Who we benefit: More than 1.8 billion people live within the ASB's domain, the humid tropical and subtropical forest biome; of these 1.2 billion are rural people. Most are poor households directly dependent on forest resources and agriculture for their livelihoods. Other poor households suffer indirectly from waste of these resources and environmental degradation.
Because ASB's target ecosystems supply global public goods (globally-significant habitats and carbon storage), beneficiaries also include the Earth's entire population.
What is the global problem we tackle: Causes of deforestation in the tropical forests margins are complex, including agricultural expansion, road building, and market forces. Understanding the factors at work in a given situation is a crucial first step if policymakers are to introduce effective measures to curb deforestation, and to do so in ways that reduce poverty.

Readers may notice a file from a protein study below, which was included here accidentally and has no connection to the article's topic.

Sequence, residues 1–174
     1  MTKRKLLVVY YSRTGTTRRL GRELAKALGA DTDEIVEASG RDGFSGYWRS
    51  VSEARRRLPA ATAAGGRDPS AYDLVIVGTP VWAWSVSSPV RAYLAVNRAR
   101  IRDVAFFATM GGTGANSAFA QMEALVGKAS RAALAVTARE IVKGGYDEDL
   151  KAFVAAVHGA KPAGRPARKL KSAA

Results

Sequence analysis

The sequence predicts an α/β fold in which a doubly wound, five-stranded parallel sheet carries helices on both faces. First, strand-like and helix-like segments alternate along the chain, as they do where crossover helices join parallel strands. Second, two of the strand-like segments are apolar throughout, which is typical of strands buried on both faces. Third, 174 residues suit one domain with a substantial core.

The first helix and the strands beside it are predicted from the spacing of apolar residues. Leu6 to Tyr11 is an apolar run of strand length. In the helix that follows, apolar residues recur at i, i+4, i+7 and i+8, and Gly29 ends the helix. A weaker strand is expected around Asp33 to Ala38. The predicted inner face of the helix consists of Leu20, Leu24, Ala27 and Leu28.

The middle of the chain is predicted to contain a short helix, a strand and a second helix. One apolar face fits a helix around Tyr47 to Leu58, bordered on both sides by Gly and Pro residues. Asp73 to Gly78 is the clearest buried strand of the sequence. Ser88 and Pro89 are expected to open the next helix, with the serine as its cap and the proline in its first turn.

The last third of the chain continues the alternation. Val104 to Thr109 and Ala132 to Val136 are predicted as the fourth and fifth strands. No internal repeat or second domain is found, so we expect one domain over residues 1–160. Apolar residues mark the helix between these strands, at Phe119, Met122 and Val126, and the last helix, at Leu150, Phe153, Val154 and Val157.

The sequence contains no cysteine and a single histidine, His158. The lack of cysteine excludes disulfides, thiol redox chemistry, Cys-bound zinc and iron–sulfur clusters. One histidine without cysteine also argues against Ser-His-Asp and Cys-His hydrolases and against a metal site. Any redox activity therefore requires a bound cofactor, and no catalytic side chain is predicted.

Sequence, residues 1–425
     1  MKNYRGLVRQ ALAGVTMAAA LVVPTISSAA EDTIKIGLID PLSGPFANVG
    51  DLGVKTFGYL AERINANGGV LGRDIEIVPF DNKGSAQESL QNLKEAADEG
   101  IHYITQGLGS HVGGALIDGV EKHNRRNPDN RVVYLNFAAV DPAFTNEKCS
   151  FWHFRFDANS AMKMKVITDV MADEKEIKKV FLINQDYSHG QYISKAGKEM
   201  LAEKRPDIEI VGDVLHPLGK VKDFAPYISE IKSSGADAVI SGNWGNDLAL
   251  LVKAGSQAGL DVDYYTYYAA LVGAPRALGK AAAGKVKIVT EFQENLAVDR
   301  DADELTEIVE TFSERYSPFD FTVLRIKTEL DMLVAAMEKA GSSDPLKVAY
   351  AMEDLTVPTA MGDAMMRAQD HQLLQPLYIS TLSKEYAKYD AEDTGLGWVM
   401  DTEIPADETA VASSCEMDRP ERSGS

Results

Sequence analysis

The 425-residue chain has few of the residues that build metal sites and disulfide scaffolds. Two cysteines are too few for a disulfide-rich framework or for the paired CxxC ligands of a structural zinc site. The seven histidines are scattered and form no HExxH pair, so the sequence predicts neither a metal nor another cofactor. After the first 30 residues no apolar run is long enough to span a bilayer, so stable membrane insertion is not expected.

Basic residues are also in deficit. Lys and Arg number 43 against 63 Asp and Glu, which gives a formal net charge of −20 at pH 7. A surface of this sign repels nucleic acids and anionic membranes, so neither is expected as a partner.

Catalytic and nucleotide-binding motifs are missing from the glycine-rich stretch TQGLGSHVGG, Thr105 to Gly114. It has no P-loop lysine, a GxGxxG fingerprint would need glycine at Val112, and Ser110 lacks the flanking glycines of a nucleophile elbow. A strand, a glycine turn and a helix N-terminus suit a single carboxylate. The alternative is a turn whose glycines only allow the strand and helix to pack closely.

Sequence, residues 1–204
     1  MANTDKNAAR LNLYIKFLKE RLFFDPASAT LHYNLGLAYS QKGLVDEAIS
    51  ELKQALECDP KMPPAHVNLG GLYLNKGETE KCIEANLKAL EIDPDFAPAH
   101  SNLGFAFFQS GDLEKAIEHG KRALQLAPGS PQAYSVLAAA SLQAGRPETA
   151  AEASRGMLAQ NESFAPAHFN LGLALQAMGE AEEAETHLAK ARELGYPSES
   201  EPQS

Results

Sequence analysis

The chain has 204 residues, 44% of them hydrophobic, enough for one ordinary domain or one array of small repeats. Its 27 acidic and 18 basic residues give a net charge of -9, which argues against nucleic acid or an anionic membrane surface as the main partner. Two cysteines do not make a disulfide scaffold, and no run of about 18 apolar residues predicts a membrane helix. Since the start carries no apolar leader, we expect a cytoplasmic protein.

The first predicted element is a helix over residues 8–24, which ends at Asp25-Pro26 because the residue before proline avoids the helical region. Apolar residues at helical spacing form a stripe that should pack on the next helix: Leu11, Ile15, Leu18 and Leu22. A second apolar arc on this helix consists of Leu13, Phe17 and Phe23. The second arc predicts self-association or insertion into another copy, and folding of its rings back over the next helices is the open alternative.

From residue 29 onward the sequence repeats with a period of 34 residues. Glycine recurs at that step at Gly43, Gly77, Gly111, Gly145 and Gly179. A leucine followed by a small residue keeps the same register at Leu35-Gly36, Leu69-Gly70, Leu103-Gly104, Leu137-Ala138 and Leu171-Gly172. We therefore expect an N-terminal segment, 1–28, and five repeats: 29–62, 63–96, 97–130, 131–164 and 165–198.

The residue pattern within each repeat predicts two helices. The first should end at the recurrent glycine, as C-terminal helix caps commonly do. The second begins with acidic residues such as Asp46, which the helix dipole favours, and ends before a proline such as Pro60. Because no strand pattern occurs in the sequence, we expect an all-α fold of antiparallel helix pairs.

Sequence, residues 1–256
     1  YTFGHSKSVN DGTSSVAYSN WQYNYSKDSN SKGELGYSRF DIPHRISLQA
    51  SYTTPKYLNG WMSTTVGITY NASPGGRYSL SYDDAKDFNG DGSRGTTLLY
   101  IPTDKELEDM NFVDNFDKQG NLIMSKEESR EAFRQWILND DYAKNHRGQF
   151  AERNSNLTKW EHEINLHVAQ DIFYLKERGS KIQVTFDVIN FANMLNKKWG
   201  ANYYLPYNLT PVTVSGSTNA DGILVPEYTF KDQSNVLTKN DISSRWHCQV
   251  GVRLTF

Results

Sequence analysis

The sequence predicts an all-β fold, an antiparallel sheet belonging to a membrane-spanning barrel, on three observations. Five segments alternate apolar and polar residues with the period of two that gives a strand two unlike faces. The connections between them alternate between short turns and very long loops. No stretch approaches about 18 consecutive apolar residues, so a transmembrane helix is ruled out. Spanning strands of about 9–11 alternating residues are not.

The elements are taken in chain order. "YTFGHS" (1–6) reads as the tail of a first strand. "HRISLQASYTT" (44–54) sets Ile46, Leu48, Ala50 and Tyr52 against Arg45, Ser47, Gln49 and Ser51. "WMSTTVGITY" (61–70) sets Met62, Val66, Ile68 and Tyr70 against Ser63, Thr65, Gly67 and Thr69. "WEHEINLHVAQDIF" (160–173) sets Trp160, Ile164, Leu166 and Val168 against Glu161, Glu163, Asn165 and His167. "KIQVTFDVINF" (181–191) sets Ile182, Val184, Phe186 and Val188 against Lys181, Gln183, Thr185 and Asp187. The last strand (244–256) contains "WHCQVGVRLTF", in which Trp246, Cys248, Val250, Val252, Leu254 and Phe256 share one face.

No single group or organization has the means or expertise to tackle these complex, interlinked problems by itself.
Relevance of ASB goals to CGIAR goals and draft system priorities
ASB's vision, mission, and record of activities and achievements closely align with CGIAR goals and the System's emerging priorities. First, ASB is addressing 3 interlinked problems of global significance:
- Chronic mass poverty in the humid tropics.
- Continuing loss of globally-significant habitat in the humid tropics.
- Tradeoffs between poverty reduction and habitat conservation.
The Programme's established capabilities align with emerging CGIAR priorities regarding:
- integrated land, water and forest resource management at multiple scales
- sustaining and realizing the value and benefits of forests and trees
- ensuring access by the poor to forest and tree resources
- improving policies and governance of environmental resources